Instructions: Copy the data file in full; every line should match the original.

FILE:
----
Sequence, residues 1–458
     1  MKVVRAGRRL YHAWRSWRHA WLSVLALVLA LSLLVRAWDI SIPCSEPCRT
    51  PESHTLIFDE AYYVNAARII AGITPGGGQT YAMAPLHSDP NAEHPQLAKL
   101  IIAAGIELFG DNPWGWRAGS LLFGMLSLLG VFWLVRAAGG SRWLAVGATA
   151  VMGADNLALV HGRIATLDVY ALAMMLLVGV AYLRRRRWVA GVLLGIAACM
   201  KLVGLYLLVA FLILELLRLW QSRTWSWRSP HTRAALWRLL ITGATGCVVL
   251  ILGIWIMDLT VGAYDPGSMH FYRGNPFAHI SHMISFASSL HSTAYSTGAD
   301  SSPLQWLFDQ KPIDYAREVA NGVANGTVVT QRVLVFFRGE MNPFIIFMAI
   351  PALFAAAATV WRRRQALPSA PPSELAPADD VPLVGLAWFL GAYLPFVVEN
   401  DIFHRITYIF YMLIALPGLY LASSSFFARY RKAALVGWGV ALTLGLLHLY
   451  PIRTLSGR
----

Sequence, residues 1–458
     1  MKVVRAGRRL YHAWRSWRHA WLSVLALVLA LSLLVRAWDI SIPCSEPCRT
    51  PESHTLIFDE AYYVNAARII AGITPGGGQT YAMAPLHSDP NAEHPQLAKL
   101  IIAAGIELFG DNPWGWRAGS LLFGMLSLLG VFWLVRAAGG SRWLAVGATA
   151  VMGADNLALV HGRIATLDVY ALAMMLLVGV AYLRRRRWVA GVLLGIAACM
   201  KLVGLYLLVA FLILELLRLW QSRTWSWRSP HTRAALWRLL ITGATGCVVL
   251  ILGIWIMDLT VGAYDPGSMH FYRGNPFAHI SHMISFASSL HSTAYSTGAD
   301  SSPLQWLFDQ KPIDYAREVA NGVANGTVVT QRVLVFFRGE MNPFIIFMAI
   351  PALFAAAATV WRRRQALPSA PPSELAPADD VPLVGLAWFL GAYLPFVVEN
   401  DIFHRITYIF YMLIALPGLY LASSSFFARY RKAALVGWGV ALTLGLLHLY
   451  PIRTLSGR